find information using the subject databases. View the Database Orientation Program to learn about databases and using search strategies to refine your search and limit results. View our library tutorial on planning your literature search and look at our library subject guides for resources on your specific topic.

Another good starting point for finding information is our library catalogue Library Search  which allows you to search across the library's electronic resources as well as major subject databases and indexes.

carry out a literature review . You may want to include journals, books, websites, grey literature or data and statistics for example. See the list of sources below for more information. Keep a record and organise your references and sources. If you are intending to carry out a systematic review then take a look at the systematic review page on our Research Support library guide.

evaluate your resources – use the CRAAP test (Currency, Relevancy, Authority, Accuracy, Purpose - watch the video, top right). 

reach considered conclusions and make recommendations where necessary.

Your research journey

Your research journey.

Why do I need research skills?

they enable you to locate appropriate information and evaluate it for quality and relevance

they allow you to make good use of information to resolve a problem

they give you the ability to synthesize and communicate your ideas in written and spoken formats

they foster critical thinking

they are highly transferable and can be adapted to many settings including the workplace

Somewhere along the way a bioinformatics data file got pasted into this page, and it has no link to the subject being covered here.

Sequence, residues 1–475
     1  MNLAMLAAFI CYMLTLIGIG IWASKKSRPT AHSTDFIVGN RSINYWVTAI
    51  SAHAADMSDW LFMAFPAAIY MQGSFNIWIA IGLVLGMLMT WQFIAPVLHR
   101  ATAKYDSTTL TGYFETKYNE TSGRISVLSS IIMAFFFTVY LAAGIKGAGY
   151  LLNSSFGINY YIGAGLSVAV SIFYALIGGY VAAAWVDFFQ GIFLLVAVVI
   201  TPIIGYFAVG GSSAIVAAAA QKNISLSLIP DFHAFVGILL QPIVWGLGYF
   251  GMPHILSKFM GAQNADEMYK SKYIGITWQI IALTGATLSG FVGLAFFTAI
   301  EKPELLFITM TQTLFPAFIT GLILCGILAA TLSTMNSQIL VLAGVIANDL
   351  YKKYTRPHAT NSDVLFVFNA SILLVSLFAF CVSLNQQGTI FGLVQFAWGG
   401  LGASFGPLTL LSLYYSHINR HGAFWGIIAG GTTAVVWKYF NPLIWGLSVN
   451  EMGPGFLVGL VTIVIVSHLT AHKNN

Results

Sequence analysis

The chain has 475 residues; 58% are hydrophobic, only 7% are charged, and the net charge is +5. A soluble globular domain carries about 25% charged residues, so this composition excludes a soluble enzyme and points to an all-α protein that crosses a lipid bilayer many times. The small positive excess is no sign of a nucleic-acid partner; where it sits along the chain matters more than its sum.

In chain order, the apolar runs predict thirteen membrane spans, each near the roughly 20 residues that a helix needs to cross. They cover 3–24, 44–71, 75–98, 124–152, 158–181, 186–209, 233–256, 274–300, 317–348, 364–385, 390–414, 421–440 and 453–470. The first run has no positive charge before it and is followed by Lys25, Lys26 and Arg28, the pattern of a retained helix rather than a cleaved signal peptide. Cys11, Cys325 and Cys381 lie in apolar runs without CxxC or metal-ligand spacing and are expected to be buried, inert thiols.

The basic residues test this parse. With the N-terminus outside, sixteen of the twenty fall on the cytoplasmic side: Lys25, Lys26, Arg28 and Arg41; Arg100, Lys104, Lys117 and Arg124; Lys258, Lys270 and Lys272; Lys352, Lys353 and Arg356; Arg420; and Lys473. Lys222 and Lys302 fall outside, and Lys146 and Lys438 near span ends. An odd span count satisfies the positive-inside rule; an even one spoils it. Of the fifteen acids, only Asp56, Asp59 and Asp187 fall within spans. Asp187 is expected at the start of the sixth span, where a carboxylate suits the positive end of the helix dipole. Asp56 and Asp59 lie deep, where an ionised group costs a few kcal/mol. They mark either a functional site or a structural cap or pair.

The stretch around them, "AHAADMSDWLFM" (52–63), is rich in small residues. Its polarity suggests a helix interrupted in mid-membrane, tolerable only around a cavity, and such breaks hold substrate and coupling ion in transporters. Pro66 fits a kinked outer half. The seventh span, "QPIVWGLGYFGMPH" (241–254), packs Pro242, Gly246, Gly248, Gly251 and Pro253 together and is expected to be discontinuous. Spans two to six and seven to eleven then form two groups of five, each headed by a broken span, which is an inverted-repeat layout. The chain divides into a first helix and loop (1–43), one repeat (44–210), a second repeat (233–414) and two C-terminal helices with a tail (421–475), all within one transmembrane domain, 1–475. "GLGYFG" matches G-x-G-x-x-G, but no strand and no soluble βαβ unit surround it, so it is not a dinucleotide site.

You can access more in depth information on areas such as primary research, literature reviews, research methods, and managing data, from the drop down headings under Research Skills on the Academic Skills home page. The related resources in the right-hand column of this page also contain useful supporting information.

  • Conference proceedings
  • Data & statistics
  • Grey literature
  • Official publications

Books are good for exploring new subject areas. They help define a topic and provide an in-depth account of a subject.

Scholarly books contain authoritative information including comprehensive accounts of research or scholarship and experts' views on themes and topics. Their bibliographies can lead readers to related books, articles and other sources. 

Details on the electronic books held by the University of Southampton can be found using the library catalogue .

Journals are quicker to publish than books and are often a good source of current information. They are useful when you require information to support an argument or original research written by subject experts.  The bibliographies at the end of journal articles should point you to other relevant research.

Academic journals go through a "peer-review" process. A peer-reviewed journal is one whose articles are checked by experts, so you can be more confident that the information they contain is reliable.

The Library's discovery service Library Search  is a good place to start when searching for journal articles and enables access to anything that is available electronically.

Newspapers enable you to follow current and historical events from multiple perspectives. They are an excellent record of political, social, cultural, and economic events and history.

Newspapers are popular rather than scholarly publications and their content needs to be treated with caution. For example, an account of a particular topic can be biased in favour of that newspaper’s political affiliation or point of view. Always double-check the data/statistics or any other piece of information that a newspaper has used to support an argument before you quote it in your own work.